The nation will pause over the coming days to honor all Americans who have given their lives to defend the United States, and this year the National Memorial Day Concert will continue its legacy of saluting all who have worn the uniform with a special tribute to a man who still serves decades after losing a leg in Vietnam.
The National Memorial Day Concert takes place Sunday, May 29 at 8 p.m. on the lawn of the U.S. Capitol. It airs on PBS. Actors Gary Sinise and Joe Mantegna will co-host the event, which will include acts such as the Beach Boys, Trace Adkins, two different American Idol performers and the National Symphony Orchestra.
“I wouldn’t be anywhere else this weekend,” said Sinise. “It’s become such a special way to highlight and honor the men and women who served our country and paid the ultimate price for our freedom.”
Sinise has strong family ties to veterans dating back to World War I. He became active in supporting Vietnam veterans in the 1980’s and his involvement skyrocketed after playing “Lieutenant Dan” in “Forrest Gump.” After 9/11, he devoted even more time to active duty forces and veterans. He now heads the Gary Sinise Foundation and heads up the Lt. Dan Band.
Sinise says the National Memorial Day Concert is a terrific way of reminding Americans Memorial Day means more than a three-day weekend and the unofficial start of summer.
“The freedom to enjoy the backyard and the barbeque and the ballgame and all of that cones with a cost. The men and women who are a part of this concert and the stories that we tell about those who have served over the years are very, very important,” said Sinise.
Memorial Day is set aside for those who lost their lives in service to America, but Sinise himself will be leading a tribute to a living hero at the concert.
“I’m going to be doing a story about a Vietnam veteran who lost a leg and ended up giving back by going to Walter Reed and supporting the Afghan and Iraqi veterans who are coming back with injuries,” said Sinise.
That veteran is retired U.S. Army Captain Jack Farley. He was serving as a battery executive officer, overseeing six howitzers on January 10, 1969, when his life changed forever.
“All of a sudden we came under very heavy mortar and rocket attack. When we were attacked, my wonderful troops shot back. My men were at the guns and I was out with them on the radio. All of a sudden, a mortar landed gimme distance from me. I remember flying through the air,” said Farley.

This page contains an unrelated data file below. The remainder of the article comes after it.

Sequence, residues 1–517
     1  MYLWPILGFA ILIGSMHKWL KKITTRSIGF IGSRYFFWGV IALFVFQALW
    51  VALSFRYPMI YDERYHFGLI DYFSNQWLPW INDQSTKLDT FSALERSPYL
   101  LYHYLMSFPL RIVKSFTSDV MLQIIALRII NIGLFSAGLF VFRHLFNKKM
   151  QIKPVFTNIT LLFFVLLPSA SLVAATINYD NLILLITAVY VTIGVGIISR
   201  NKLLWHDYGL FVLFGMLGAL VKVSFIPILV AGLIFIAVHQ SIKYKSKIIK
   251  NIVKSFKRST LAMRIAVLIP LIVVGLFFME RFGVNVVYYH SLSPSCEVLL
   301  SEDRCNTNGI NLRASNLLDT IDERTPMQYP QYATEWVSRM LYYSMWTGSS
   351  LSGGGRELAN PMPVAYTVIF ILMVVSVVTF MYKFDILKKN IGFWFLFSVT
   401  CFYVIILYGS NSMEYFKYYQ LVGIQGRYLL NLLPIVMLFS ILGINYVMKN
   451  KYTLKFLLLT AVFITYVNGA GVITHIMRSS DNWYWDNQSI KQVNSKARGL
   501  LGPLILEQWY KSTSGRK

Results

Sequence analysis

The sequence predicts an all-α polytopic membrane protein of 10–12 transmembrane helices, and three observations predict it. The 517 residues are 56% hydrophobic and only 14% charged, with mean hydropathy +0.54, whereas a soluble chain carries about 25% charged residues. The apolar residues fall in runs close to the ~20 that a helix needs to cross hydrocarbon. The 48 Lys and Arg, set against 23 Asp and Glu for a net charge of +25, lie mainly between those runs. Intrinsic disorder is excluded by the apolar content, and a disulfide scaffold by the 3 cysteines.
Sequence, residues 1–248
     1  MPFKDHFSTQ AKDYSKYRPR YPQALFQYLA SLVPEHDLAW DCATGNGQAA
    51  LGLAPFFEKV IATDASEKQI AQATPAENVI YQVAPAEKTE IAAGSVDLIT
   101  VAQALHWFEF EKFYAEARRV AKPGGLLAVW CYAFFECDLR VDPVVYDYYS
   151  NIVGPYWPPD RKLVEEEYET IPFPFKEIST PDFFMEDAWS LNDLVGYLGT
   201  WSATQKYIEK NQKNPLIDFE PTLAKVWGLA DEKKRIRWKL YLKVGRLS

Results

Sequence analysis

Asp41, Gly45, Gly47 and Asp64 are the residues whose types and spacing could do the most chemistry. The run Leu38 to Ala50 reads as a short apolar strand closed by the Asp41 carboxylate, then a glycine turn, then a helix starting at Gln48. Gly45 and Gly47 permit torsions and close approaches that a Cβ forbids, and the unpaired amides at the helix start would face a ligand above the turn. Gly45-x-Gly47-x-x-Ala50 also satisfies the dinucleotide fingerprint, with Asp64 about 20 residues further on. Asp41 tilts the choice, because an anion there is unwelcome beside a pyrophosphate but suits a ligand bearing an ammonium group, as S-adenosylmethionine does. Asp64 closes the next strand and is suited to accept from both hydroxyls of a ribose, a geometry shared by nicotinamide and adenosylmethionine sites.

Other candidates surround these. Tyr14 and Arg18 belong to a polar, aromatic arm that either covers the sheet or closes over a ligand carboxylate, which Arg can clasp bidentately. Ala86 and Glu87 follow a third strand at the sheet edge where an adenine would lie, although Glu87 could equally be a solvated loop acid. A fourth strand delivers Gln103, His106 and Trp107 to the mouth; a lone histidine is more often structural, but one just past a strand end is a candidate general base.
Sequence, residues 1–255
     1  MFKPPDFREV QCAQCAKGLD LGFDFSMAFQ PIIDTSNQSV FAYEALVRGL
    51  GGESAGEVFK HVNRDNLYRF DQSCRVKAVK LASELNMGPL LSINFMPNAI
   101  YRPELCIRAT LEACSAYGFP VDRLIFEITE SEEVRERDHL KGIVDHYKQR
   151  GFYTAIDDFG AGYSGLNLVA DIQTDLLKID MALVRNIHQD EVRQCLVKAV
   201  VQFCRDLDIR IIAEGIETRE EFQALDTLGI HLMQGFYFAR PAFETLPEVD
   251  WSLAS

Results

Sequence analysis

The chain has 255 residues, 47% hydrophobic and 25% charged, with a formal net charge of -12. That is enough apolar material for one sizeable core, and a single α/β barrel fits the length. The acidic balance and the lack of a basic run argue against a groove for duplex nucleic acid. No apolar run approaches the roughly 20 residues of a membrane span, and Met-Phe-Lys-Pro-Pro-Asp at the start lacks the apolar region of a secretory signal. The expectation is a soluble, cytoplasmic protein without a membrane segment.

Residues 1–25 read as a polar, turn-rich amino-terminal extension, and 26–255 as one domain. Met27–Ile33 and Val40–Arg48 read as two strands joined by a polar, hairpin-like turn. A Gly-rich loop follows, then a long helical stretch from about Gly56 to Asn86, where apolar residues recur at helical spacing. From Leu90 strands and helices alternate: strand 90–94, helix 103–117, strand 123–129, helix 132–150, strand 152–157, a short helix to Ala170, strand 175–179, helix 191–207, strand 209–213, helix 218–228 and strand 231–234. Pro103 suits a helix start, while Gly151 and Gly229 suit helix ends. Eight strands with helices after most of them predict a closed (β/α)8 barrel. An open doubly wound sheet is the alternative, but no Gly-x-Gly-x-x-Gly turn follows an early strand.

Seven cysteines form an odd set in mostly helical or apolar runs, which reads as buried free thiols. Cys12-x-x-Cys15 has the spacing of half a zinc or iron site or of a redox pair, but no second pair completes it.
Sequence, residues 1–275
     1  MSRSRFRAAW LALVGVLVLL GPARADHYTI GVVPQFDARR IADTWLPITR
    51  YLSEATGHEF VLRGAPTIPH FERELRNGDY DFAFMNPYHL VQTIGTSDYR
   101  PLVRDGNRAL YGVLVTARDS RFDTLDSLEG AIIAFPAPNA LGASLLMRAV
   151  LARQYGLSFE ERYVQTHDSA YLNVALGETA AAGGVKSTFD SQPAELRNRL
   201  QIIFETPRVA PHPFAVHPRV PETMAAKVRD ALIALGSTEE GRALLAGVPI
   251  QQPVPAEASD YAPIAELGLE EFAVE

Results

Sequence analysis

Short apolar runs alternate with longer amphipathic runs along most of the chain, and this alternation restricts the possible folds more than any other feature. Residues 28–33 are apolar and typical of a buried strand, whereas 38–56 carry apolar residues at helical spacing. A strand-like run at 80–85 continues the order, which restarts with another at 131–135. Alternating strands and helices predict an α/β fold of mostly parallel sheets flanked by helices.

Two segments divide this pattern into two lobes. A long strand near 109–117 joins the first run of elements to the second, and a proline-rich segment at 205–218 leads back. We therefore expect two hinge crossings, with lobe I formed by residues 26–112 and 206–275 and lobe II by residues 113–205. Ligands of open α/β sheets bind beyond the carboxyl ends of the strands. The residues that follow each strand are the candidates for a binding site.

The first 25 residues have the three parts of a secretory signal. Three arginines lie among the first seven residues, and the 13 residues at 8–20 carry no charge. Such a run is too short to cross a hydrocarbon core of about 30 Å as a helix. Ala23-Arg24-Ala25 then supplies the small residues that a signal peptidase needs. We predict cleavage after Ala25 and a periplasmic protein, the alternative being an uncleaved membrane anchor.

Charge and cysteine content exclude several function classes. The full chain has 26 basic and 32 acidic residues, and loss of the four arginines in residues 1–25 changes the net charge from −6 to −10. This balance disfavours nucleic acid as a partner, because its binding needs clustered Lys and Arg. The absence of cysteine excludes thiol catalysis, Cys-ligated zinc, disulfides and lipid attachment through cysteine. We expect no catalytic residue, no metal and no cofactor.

His time combat was over.
“They took the leg off in Japan after gangrene set in and I was medevaced to Walter Reed. I spent a year-and-a-half learning how to use a new leg and then went about what I thought would be a normal life.
Farley started a family, went to law school and was eventually nominated to be one of the original judges on the U.S. Court of Appeals for Veterans Claims.
But he later discovered his greatest gift was reaching out to those who found themselves where he was in 1969.
“I got involved working with other amputees. When Iraq and Afghanistan started, I got called over to Walter Reed and really never left. I helped set up the amputee program. I was on the original board of directors. And I continue to train the amputee peer visitors at Walter Reed,” said Farley.
With more than 1,500 service members enduring amputations as a result of their service, Farley says he and his friends help shepherd the vets through the process of dealing with such a major change in their lives. He says there are critical stages they must go through.
“In the beginning it’s enduring, getting through it. You’re all confused. You’re wondering what’s going on. You get into a stage of suffering. Gradually, you start to get into a stage of reckoning, becoming aware of this new reality. Then you reconcile. You put that loss into perspective. Finally, we hope that you’re getting into a normalizing,” said Farley.
He says some amputees reach an even more optimum level of “thriving.”
“As they go through the process, often what we see, and I include myself in this group, is that having gone through this process you actually come out stronger. You can actually accomplish things that you might not have accomplished before,” said Farley.
Farley says he is deeply honored to be a part of the National Memorial Day Concert, although he admits he’s a bit nervous about what Sinise might say since concert organizers will not let him read the script.
The hero who continues to serve hopes the moment brings help to those who need it.
“To the extent that any of my Vietnam colleagues can take any strength from it – just one of them – I’d be thrilled,” said Farley.